Most algorithms for splitting text into sentences which I've found rely on punctuation being correct. However, in many real world applications, there will be substantial numbers of punctuation errors (missing periods, extraneous periods, etc.) Are there sentence-splitting algorithms which deal with this?
Here's how such a sentence boundary algorithm could be built.
The crucial thing is to come up with sequences of words (n-grams) that have a high likelihood of occurring at the end of a sentence or at the start of a sentence and a small likelihood of occurring within a sentence.
A list of these n-grams could be compiled with a large corpus such as the written part of the British National Corpus. Once the list is complete, the algorithm would go through the text without punctuation and for every word boundary look up the preceding n-grams in the list. For example, in a sequence of words such as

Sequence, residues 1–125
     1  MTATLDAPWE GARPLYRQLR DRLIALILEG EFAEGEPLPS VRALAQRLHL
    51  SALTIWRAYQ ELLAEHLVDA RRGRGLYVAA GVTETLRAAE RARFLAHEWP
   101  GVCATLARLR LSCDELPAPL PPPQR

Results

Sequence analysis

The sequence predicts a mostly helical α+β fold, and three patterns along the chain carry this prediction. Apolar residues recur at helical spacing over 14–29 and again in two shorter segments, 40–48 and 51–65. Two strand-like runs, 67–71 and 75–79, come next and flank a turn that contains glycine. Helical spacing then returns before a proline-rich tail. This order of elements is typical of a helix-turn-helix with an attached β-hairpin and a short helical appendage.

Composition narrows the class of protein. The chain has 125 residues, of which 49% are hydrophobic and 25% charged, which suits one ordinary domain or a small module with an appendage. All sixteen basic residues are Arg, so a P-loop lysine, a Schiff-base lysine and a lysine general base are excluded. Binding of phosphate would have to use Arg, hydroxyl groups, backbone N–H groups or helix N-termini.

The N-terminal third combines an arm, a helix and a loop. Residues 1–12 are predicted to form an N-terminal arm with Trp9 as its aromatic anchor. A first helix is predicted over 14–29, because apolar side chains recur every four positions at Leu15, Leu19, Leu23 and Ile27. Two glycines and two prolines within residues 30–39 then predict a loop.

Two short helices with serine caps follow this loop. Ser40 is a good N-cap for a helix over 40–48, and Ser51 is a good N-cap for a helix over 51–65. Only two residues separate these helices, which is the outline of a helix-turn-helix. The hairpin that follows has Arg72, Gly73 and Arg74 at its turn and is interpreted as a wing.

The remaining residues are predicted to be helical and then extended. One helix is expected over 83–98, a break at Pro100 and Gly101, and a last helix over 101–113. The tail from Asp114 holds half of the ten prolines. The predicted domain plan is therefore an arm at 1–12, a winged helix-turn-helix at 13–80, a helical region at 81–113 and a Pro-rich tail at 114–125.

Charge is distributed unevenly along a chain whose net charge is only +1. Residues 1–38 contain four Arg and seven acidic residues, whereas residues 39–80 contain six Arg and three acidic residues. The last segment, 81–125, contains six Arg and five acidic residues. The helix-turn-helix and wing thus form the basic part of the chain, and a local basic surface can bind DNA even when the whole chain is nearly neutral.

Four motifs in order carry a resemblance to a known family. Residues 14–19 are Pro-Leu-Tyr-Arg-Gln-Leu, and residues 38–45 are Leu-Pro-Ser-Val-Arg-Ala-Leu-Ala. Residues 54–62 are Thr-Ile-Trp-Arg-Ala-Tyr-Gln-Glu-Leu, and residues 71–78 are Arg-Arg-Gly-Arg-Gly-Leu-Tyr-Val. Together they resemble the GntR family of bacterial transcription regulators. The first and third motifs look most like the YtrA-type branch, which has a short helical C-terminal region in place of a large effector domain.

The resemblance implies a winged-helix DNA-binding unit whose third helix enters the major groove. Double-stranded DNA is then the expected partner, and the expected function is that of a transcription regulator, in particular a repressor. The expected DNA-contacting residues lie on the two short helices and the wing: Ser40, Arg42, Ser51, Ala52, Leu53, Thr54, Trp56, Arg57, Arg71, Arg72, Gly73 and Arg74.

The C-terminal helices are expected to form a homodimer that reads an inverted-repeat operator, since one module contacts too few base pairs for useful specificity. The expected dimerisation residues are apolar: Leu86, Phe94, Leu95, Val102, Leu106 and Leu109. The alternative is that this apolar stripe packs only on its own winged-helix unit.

have you seen it it's incredible
once the algorithm is at have you seen it it would look up seen it in the list and give you a score such as: Occurred 56 times at the end of sentences and 22 times within a sentence, i.e. a score of 56/22 = 2.5. There should also be a list of three-word sequences, so look up you seen it, which might have a score of 13/2=6.5, then go on with a four-word list. Now average all scores and if it passes a certain threshold (which would need to be determined empirically) the algorithm sets a sentence boundary.
The same could be done with n-grams/word sequences occurring sentence-initially, and n-grams which occur at sentence boundaries.
Edit: As @P Elliott pointed out in the comments, a somewhat similar algorithm has been implemented and has high accuracy.
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